• Traceability. Building on the requirements in legislation that traceability labelling be visible, legible and indelible, PAS 7050 adds that markings should be durable to withstand general wear and tear and, where practical, able to withstand fire and water damage. Traceability is vital for the effectiveness of corrective actions, and the Code recognises the ability of a robust system of traceability to avoid unnecessarily broad corrective actions and potentially reduce costs.
  • Review. PAS 7050 advises businesses to monitor for forthcoming legislative requirements. We know that it is a busy time in the world of product safety legislation, particularly as the UK develops it post-Brexit legislative framework, and so it is imperative that businesses have robust processes for tracking legislative developments, to avoid being caught out.
  • Enforcement action. In the section of the Code for regulators there is guidance on how a regulator should respond to non-compliance. The Code emphasises a collaborative approach to support businesses in achieving and maintaining compliance, but alludes to the fact that regulators must be prepared to implement enforcement actions where required.

In summary, these Codes offer businesses an important indication of the OPSS’s approach to product safety and the management of responses to product safety issues, and businesses wishing to depart from this guidance should be prepared to explain why they have taken a different path.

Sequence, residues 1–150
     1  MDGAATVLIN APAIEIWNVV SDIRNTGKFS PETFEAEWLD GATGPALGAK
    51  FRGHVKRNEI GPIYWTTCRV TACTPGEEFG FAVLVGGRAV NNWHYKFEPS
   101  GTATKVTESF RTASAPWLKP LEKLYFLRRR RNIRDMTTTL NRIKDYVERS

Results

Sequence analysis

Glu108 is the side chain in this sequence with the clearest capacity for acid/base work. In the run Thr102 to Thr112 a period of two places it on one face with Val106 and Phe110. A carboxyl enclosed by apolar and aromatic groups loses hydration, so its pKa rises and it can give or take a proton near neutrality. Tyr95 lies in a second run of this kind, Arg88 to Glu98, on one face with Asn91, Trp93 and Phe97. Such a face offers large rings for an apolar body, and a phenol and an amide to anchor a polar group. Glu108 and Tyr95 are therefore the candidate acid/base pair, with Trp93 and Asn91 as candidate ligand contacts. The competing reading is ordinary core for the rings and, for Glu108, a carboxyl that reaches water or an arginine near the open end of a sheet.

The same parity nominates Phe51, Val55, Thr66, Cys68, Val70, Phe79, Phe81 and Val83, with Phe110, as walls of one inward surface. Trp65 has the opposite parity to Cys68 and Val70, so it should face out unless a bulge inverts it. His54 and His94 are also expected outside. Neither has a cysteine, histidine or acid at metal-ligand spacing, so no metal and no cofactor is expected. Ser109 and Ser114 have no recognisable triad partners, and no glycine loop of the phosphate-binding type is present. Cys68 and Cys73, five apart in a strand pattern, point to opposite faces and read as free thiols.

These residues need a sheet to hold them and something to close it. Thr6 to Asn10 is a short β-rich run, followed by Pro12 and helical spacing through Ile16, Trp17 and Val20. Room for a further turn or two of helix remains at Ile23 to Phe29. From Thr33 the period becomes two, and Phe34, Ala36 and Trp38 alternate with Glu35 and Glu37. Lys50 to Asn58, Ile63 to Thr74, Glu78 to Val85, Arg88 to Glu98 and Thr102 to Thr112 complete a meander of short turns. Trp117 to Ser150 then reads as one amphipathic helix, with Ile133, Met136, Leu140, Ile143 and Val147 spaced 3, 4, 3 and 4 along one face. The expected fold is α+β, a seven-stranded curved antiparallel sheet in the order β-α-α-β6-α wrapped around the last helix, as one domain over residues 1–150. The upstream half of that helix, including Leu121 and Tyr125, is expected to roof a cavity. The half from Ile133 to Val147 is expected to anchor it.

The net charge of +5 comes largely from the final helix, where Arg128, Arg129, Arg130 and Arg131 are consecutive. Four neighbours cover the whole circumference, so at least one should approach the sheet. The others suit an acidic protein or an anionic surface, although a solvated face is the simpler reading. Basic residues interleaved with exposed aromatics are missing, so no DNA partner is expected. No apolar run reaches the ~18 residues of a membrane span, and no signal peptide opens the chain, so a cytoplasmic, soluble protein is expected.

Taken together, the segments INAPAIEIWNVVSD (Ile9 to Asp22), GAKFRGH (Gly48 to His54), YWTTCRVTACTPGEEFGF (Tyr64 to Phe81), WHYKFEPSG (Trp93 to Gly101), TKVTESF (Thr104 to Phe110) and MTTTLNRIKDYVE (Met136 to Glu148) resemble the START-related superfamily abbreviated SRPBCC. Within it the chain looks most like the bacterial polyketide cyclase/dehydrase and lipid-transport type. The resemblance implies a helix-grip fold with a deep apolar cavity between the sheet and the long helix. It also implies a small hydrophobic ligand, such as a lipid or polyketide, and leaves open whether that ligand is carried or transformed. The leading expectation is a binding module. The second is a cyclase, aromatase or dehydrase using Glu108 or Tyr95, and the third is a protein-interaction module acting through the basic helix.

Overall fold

Click here to download copies of PAS 7100 and PAS 7050.

New Site for Product Safety Alerts and Recalls

Today, the OPSS has also launched a new product safety alerts, reports and recalls site to help consumers and business identify unsafe products. The new site is similar in format to the EU RAPEX reports that many businesses will be familiar with, and includes the ability to search for previous reports, filter reports to subscribe for instant, daily or weekly updates.

Cooley served on the Steering Groups that drafted PAS 7100 (both in its original form, and the updated version) as well as the new PAS 7050.  Please reach out to any member of the Cooley Products Law team for further information or if you have any questions.

Posted by Julia Maskell